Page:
This wonderful installation by Crista Cammaroto was made out of all natural materials and is on a sand base. It was quite large and some details are above (you can right click on any image and it will enlarge in its own window). The yellow mounds were tummeric and you could smell them big time. She must have been there in the middle of the night setting this up. There was another one but my photos of that did not come out so well.

Earlier in the week I was able to safely attend an organ concert. An organ concert is not like going to see a rock band as they attract a relatively small, particular demographic. I love sitting in the back row of this big cavernous church and dozing off. It is very meditative. There was plenty of social distancing, even for the people who sat way up front. It is in Davidson which is, as a rule, concerned about safety and has a high vaccination rate so I feel pretty confident about anything I do there.

So though we are creeping along, I truly believe we are in a better place than we were a year ago for many reasons. And things will slowly improve as time goes on. I believe it was necessary to have this set back because people were getting too lax too quick, forgetting that many children are still not eligible for vaccines. I, for one, was struggling with the idea that a light switch turned and everything was normal again. That actually felt more strange to me than this slower adjustment.

Of course, the carpet is now clean. And the upholstery.

The Girl from Ipanema’s House

I am posting this at the insistence of a friend that urged I share it. I don’t know what made me think of this song recently but I did and was compelled to draw and write the following (see a typed version of the text under the image):

The text reads:

This is where the girl from Ipanema lives. The location of the house is unknown but many of the features were made public. It has a spiral staircase that goes to a sunk-in living room. There is shag carpeting and a wet bar. Though there is no pool there is a beautiful fountain in front of the house. On warmer days the windows are open and you can hear Henry Mancini records playing. People have seen her when the shades are up or when she is at the front door talking with a neighbor or a delivery person. She wears flat shoes and form fitting pedal pusher pants. Her tops are short and if her arm is raised you can see her belly. She wears her dark hair piled in a bun and likes long dangly earnings. She wears eyeliner, but no eye shadow unless she goes out. She is thinking it would be nice to have a small dog and if she gets one she will put a fancy collar on the dog and get a leash with tiny rhinestones.


Oddly, when I went looking for a version of this song to post I came across an interview with the actual woman this song was written about. She actually has (did have) dark hair and she obviously does like long dangly earrings and does like eye makeup. When the interviewer asked her what version she liked of the song, which was written by Antonio Carlos Jobim, she said the one by Frank Sinatra which, oddly, was not the most popular version of the song. However, in her honor, I will post a link to a version of the song (click here) done as a duet by Frank and Antonio.

The Neighborhood – The Final Version

The Neighborhood, 24″ x 24″, Mixed Media on Panel

I have been working on this piece for several years now. For awhile, it lived on a dowel and each house was on a string. But after awhile, that seemed awkward to display. Then I thought about making it a book and made fences to help the houses to connect together and stand up and then changed my mind. This is now how the houses will live. The houses and fences are adhered to a 24″ x 24″ paint panel. There is additional painting and drawing on top so it is a mixed media piece. Some detail images are below as well as some links of how it looked over time.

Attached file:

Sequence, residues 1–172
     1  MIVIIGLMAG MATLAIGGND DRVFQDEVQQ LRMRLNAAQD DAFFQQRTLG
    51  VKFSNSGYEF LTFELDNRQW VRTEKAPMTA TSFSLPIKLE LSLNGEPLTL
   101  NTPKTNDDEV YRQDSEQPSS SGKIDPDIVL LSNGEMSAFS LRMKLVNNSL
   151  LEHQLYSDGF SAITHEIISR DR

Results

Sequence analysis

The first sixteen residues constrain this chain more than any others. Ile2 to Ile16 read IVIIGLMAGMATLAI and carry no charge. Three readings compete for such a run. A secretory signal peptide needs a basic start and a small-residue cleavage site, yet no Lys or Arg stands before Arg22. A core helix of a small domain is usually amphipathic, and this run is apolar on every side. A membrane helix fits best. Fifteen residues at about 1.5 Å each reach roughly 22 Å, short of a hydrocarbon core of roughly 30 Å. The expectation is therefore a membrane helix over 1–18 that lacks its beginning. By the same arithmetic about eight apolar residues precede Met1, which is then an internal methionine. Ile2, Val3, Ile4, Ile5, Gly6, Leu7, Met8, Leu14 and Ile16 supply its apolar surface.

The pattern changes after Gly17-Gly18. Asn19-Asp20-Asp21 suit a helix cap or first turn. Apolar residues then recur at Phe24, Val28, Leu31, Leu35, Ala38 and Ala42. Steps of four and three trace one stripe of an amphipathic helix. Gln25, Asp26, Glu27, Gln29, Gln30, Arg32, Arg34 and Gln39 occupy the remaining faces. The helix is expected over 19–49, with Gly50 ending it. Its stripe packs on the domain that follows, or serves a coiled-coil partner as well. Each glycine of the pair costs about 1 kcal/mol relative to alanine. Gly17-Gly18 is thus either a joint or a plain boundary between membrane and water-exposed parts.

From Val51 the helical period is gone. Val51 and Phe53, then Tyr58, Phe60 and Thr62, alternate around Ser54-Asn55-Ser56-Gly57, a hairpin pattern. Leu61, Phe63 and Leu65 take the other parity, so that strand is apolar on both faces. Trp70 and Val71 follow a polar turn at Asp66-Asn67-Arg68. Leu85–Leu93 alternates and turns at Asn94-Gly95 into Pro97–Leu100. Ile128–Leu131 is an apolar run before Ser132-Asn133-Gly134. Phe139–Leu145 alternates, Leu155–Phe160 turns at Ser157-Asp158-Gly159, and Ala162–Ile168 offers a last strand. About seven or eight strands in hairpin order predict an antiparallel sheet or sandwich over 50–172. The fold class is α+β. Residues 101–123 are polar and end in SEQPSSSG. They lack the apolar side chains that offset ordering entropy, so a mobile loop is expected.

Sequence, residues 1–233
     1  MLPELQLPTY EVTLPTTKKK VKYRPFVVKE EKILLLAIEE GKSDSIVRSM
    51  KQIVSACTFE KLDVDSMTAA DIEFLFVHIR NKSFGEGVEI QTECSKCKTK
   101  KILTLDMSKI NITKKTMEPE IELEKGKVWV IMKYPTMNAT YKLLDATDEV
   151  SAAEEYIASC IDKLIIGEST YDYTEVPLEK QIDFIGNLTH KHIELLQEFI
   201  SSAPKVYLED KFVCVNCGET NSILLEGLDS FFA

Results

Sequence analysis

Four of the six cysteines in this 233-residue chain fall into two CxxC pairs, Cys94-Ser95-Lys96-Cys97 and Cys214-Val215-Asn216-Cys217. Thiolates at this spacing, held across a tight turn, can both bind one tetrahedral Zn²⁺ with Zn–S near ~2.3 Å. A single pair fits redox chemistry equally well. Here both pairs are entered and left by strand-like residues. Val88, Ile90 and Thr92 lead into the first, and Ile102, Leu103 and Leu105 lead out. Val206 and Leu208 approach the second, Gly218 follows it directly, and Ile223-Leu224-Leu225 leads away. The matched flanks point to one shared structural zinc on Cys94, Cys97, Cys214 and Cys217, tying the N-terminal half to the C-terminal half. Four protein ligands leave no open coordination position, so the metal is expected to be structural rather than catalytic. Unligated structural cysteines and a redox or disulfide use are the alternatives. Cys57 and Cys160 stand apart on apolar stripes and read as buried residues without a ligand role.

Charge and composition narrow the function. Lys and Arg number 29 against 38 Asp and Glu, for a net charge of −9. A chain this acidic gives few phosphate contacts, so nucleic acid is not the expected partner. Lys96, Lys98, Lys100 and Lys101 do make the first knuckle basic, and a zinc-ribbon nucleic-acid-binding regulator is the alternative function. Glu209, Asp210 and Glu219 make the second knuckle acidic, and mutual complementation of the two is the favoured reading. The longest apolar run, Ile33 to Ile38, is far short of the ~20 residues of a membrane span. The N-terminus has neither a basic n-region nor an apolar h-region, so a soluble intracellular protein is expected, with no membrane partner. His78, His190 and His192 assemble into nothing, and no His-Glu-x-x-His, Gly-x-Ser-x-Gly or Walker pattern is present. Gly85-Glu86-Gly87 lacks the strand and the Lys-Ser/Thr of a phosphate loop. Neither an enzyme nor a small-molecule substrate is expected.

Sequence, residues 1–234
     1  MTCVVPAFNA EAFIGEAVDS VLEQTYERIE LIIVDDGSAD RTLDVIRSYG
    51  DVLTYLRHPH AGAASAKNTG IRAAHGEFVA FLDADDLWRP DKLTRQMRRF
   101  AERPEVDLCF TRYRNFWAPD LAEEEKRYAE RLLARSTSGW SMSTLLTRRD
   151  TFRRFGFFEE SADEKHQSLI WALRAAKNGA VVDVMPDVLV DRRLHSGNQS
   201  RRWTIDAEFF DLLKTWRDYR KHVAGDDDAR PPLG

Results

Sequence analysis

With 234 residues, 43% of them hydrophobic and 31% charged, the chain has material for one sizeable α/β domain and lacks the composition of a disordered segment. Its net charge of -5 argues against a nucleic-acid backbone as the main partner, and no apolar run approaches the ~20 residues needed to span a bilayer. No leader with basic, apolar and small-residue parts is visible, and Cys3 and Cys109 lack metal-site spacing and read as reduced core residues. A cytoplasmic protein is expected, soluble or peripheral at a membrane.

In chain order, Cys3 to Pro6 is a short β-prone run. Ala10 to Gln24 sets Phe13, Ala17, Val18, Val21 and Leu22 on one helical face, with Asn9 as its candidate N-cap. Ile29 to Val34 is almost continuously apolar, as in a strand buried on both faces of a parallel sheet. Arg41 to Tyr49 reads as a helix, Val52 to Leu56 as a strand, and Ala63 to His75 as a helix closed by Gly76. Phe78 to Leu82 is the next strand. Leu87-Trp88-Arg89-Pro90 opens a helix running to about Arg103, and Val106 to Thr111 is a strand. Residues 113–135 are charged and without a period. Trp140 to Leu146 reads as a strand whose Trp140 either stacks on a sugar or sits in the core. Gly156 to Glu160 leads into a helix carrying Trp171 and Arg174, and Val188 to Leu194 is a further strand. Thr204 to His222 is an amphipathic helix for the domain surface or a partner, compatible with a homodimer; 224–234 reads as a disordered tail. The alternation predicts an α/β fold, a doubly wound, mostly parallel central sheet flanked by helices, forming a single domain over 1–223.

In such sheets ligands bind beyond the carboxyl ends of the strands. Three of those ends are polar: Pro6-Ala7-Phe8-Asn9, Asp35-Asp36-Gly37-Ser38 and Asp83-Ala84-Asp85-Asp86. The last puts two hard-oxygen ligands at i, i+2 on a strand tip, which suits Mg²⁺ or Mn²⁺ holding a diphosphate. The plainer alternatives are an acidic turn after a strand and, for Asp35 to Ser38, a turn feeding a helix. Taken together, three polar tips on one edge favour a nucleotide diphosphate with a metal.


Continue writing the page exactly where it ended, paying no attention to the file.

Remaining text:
The Neighborhood – Detail
The neighborhood – Detail
The Neighborhood – Detail

This work can be seen in its various stages on these links:

Artist Book in Process

The neighborhood

Tree Detective

I had never heard of a Burr Oak (Quercus macrocarpa) before a recent class I took. The reason the tree stood out to me was its acorns which looked little winter hats with fuzz around the rim. Since these trees seem to grow in climates somewhat colder than where I live this seemed sort of fitting to me in an odd way and I secretly wondered if “Burr” had anything to do with what the tree was thinking such as “Burrr, I’m cold. I need to make some more fuzzy acorns to keep warm”. Ok I know this is getting silly.

Anyway, I have been amusing myself lately trying to identify various oak trees that I come across. I was at a local nature preserve and noticed a number of oaks growing near the former welcome center. I pulled out my handy tree key and started trying to figure out what they were. One tree keyed out to be a Burr Oak. Hmmm? That seemed odd to me; maybe I mis-keyed it. Below is a rubbing I took of one of the leaves. It certainly looked like a Burr Oak leaf. But I was still skeptical.

Burr Oak Leaves

Moving over a few feet to key some other oak trees on the grounds, I noticed a lot of leaf litter and other debris at the base of the trees. It is also good to look at this for some additional clues such as acorns, other fruits, flowers, etc. There in the leaf litter was this odd looking thing; I didn’t know what it was. So of course I picked it up. It was certainly very large and unusual looking. Then a lightbulb went off in my head: A Burr Oak Acorn!

Cap of a Burr Oak Acorn

Finding this cemented that the tree a few feet to my left was indeed a Burr Oak! The diameter of this acorn cap is about 1.5 inches- pretty big. Though this explains the botanical name: Quercus (the genus for all oak trees) macrocarpa, which means “large fruit”. Below is my sketch of the cap of the acorn with the live model.

Mystery solved!

Sketch of Burr oak acorn

Found Treasures in Old Book

Last week at the Herbarium I was browsing through the books and came across this old book that appears to be a textbook from 1855

Title is Class Book of Botany
Title Page

Here are some pages with diagrams


Now here are the surprises! Some pressed plants circa 1878, perhaps from the Cleveland Ohio area as per the dates and places on the newspaper.

Pressed Fern
Pressed Fern
Pressed Fern and illustration